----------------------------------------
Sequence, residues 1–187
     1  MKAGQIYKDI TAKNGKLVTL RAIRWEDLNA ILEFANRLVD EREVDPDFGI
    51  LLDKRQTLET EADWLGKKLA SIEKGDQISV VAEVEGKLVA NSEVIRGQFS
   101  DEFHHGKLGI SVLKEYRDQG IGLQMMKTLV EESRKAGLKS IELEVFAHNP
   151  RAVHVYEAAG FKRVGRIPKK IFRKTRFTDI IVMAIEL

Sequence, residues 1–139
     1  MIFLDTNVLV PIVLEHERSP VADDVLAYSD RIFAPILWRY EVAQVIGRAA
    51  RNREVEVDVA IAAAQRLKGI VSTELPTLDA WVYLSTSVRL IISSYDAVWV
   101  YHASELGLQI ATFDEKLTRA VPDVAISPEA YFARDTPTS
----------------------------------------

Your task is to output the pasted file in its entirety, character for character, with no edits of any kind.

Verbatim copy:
Sequence, residues 1–187
     1  MKAGQIYKDI TAKNGKLVTL RAIRWEDLNA ILEFANRLVD EREVDPDFGI
    51  LLDKRQTLET EADWLGKKLA SIEKGDQISV VAEVEGKLVA NSEVIRGQFS
   101  DEFHHGKLGI SVLKEYRDQG IGLQMMKTLV EESRKAGLKS IELEVFAHNP
   151  RAVHVYEAAG FKRVGRIPKK IFRKTRFTDI IVMAIEL

Sequence, residues 1–139
     1  MIFLDTNVLV PIVLEHERSP VADDVLAYSD RIFAPILWRY EVAQVIGRAA
    51  RNREVEVDVA IAAAQRLKGI VSTELPTLDA WVYLSTSVRL IISSYDAVWV
   101  YHASELGLQI ATFDEKLTRA VPDVAISPEA YFARDTPTS